When we looked at the stacktrace, We found that the function was not being called explicitly from Facebook’s code but implicitly by code inserted by the compiler. This function was called when assigning a primary long value where a long object is expected. Java supports both object and primary representation of the simple types (e.g., integer, long character) and provides a way to seamlessly convert between them. This feature is called autoboxing, because it “boxes” a primitive type into a corresponding Object type. While that’s a convenient development feature, it creates new objects unbeknownst to the developer.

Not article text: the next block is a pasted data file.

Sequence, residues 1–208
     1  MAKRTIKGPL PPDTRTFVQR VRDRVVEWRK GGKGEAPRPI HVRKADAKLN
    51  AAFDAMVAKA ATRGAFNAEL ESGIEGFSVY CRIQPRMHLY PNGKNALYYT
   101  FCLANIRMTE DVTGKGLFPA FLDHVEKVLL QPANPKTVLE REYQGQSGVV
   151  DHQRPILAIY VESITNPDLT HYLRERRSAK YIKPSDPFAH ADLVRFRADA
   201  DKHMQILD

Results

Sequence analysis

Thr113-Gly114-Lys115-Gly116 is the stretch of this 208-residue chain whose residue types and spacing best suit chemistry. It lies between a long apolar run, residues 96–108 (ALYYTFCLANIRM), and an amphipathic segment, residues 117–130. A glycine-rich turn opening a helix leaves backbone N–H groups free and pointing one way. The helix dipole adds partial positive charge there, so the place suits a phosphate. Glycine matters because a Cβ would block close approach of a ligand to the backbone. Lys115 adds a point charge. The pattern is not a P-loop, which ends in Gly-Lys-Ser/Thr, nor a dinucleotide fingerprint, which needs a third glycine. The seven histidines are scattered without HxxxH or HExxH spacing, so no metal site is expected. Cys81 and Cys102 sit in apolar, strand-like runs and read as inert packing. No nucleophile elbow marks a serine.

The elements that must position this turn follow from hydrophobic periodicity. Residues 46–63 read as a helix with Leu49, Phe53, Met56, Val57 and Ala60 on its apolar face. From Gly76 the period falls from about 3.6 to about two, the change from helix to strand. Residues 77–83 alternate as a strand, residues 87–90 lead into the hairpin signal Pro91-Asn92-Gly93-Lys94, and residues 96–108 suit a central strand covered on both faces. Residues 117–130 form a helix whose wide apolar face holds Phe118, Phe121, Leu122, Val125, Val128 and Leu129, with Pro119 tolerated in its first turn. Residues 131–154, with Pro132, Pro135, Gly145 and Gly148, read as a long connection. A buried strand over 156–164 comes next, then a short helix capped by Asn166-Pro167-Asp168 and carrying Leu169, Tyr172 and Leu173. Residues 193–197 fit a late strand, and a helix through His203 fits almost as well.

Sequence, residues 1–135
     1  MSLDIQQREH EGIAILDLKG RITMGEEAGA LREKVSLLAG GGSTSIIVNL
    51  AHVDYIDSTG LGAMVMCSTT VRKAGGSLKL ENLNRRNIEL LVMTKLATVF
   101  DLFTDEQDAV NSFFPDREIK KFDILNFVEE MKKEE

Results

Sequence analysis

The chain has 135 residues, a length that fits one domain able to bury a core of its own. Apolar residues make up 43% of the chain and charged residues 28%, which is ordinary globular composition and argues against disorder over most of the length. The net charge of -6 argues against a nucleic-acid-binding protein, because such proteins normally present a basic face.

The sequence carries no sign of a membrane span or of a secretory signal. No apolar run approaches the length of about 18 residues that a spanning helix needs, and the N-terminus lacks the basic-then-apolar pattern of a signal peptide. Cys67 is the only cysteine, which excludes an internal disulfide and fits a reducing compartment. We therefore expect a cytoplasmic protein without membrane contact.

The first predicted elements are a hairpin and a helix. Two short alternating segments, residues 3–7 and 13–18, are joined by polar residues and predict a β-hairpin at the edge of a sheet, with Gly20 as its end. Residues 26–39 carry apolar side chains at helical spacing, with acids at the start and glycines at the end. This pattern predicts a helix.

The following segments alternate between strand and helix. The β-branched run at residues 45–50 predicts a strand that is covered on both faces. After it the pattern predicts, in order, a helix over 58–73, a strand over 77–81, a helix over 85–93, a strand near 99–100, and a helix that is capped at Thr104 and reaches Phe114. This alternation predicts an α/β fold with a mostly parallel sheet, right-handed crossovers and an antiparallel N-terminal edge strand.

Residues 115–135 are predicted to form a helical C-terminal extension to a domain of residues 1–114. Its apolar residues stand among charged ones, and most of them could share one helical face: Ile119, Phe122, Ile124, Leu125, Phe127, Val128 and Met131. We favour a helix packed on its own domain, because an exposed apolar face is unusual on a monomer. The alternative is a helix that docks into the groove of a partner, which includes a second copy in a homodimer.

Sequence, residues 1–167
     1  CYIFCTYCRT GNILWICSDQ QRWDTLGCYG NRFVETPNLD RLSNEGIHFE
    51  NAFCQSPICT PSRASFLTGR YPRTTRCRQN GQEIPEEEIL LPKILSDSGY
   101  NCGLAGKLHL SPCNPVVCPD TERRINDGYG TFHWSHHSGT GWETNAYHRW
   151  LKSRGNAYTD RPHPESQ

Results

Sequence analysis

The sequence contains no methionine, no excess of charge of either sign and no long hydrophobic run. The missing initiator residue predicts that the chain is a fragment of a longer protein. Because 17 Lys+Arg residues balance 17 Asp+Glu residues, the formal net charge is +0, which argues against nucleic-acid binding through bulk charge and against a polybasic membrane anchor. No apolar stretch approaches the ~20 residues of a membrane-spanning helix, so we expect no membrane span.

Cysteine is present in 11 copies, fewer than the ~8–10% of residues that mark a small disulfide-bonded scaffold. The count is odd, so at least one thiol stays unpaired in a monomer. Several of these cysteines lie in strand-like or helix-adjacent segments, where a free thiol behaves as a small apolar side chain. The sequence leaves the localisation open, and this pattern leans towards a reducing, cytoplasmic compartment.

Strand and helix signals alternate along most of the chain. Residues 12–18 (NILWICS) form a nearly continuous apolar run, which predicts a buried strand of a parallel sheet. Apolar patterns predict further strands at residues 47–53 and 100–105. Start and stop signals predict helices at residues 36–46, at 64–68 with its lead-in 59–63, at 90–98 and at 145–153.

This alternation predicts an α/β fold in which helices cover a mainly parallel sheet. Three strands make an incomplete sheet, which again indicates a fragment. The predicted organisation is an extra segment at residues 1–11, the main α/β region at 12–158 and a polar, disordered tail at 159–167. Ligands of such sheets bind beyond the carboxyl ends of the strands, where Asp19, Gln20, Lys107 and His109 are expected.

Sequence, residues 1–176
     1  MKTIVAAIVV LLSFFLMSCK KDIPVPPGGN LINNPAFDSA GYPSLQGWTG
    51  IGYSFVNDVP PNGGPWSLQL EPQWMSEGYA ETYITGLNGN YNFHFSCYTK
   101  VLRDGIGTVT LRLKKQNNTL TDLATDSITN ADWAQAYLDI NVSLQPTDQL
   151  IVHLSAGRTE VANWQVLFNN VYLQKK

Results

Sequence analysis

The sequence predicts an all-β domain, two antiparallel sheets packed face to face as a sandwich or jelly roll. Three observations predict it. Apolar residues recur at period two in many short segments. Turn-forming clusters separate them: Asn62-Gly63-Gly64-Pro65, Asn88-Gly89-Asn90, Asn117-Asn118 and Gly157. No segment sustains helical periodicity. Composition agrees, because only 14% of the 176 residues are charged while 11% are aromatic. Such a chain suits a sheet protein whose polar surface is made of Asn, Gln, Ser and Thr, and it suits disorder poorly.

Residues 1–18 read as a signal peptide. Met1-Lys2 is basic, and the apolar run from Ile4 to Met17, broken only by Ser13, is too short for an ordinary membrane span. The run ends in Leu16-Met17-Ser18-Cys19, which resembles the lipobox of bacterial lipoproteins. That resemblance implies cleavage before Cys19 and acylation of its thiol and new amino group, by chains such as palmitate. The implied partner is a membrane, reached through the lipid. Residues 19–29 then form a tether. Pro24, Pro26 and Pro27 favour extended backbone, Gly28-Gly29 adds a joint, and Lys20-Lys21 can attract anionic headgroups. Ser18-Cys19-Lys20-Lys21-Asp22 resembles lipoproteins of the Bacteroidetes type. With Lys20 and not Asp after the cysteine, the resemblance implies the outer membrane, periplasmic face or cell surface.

When we look at stacktrace, we find that the code on Facebook does not call the method directly, but implicitly by the code inserted by the compiler. This function is in thelongTranslate intoLongIs called. Java provides “basic data types” (for example:intlong)And inherited fromObjectData types (for example:IntegerLong)Support for transformation. This feature, called autoboxing, converts the “basic data type” to the corresponding object type. This is a convenient development feature, which creates a new object for developers without their awareness.

And these objects add up.